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Gorax

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  1. A 1500x1500 RGB image will only take up about 6.5MB of memory, even when it's uncompressed, and mipmaps wouldn't add enough to that to get anywhere near the 800MB you mention. Check to make sure you're not reloading the textures (or the terrain segments) every frame.
  2. The only thing I can think of is the fact that you're using glutSolidCube(). Do you know if it sets the third texture coordinate?
  3. OpenGL

    If you just want the page to flip over, stiff and unnaturally, you can just change two of the vertices at some specific rate so the quad flips from one side to the other. If you take this path, you'll need to ensure you flip the page based upon some rate of time, and not a number of frames, because the performance of Android devices varies. If you want it the page to have a slight curve in it, you'll need more vertices, and you'll probably be better off creating an animated model for it rather than trying to hard code it.
  4. OpenGL

    This really should be in the Your Announcements forum. Just out of curiosity though, do you plan on changing the Open GL tutorials to reflect somewhat more modern approaches to rendering things? Sure it's nice to start off easy, but I'm not entirely sure it's the best way to go about things these days...
  5. Quote:Original post by Juanxo perhaps with glBufferSubData or glBufferData? I'm going to have to agree with this approach. I've never been able to get the (un)map functions to work quite right (probably my fault more than anything), but the buffer functions work well. Textures get updated the exact same way, so I'm not entirely sure why they have the (un)map functions. Seems like overkill to me.
  6. OpenGL

    If you want to write your own, but don't want to go through the effort of learning how everything works, the Open GL Reference Pages actually show you how all of the matrix functions work.
  7. Depending on how the data is transmitted, you can use CreateFile() to open the device, and then read and write to it like a normal file. You'll need to ensure you read and write specific data lengths as specified in the device's capabilities, which can be found using the HidP_GetCaps() function (the input, output and feature report lengths), otherwise the read and write functions will fail. I've used those functions to play around with my Wiimotes which operate over Bluetooth, and it seems to work quite well.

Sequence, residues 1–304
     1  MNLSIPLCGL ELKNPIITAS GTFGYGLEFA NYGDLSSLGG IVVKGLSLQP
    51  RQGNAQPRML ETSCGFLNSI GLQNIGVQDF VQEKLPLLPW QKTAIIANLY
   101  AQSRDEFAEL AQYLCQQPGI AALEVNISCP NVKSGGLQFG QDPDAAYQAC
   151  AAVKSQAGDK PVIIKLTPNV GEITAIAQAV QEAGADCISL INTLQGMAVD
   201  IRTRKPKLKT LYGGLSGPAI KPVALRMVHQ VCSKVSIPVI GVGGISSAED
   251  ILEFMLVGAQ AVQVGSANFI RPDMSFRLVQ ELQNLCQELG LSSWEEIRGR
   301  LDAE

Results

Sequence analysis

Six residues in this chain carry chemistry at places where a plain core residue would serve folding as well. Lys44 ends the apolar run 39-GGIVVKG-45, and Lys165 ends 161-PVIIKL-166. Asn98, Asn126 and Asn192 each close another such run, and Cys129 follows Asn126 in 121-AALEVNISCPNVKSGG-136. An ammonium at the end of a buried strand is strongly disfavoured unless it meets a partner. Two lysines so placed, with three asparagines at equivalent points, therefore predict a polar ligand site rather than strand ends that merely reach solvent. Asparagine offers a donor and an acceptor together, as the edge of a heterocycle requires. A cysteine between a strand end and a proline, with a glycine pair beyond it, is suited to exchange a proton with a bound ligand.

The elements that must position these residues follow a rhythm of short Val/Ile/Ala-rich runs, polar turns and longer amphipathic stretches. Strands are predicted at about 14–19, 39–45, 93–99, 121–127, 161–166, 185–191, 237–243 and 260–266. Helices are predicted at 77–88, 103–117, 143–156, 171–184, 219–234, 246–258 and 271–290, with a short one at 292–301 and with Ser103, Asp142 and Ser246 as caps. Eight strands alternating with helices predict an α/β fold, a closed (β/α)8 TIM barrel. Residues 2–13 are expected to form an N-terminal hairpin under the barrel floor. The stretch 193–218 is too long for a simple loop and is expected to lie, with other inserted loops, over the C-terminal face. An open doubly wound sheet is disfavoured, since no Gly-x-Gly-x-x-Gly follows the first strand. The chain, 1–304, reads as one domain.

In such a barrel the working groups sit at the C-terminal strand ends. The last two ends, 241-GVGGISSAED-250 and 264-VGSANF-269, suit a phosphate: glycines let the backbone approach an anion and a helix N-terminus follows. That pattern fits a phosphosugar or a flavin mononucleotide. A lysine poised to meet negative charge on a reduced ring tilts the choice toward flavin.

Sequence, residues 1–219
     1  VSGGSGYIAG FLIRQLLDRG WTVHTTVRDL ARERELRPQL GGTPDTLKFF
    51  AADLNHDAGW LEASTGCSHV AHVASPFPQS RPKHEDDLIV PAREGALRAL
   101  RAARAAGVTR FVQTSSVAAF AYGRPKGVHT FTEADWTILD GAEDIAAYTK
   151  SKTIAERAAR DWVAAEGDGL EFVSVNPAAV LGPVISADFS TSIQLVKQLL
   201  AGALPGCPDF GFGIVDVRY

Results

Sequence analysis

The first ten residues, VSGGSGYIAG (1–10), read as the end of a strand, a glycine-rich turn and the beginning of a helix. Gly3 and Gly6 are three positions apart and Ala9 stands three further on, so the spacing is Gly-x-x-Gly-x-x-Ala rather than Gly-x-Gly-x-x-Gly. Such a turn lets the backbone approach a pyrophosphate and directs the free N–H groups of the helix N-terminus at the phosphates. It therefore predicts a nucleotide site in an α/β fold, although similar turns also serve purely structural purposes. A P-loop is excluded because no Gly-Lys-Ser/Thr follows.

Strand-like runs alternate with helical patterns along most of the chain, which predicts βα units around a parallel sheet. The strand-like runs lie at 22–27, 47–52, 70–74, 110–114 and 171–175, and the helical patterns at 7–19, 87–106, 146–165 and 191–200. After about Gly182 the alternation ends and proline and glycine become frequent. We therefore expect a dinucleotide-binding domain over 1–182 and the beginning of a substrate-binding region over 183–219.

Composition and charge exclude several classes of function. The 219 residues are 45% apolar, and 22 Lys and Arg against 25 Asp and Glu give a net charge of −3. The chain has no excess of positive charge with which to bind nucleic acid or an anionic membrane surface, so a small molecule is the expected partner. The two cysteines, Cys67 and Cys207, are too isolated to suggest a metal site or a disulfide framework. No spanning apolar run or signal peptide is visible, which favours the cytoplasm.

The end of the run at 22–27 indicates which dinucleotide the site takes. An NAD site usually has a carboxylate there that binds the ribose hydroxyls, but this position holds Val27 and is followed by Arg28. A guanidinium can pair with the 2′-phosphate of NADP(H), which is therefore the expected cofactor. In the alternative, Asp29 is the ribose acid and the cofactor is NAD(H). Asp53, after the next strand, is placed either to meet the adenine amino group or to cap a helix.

8. They seem to work fine in Google Chrome. I can't say the same for IE (I'm using XP too). I'm not entirely sure why the canvas element's being used at all, especially given the fact that you have been able to do stuff like this for years now using Java. Seems a little redundant to me...
  9. OpenGL

    I doubt that loading the identity matrix is what you want. Since you're using the built-in matrices, you can just use glPushMatrix() and glPopMatrix() before applying translations and rotations to objects. If you plan on moving to newer versions of Open GL, you'll need to deal with the matrices yourself, but it's important to get the concepts worked out first, otherwise you'll find it's like jumping into the deep end.
  10. You can enable depth testing, and use a depth value (assuming you're working with the standard horizontal X axis, and vertical Y axis, Z would be the depth). Alternatively, you can set the depth writing to less than or equal, and sort all of the sprites before you render them. It requires a little more work, but if you plan on using Open GL for more complex rendering jobs, this type of knowledge will help further down the line.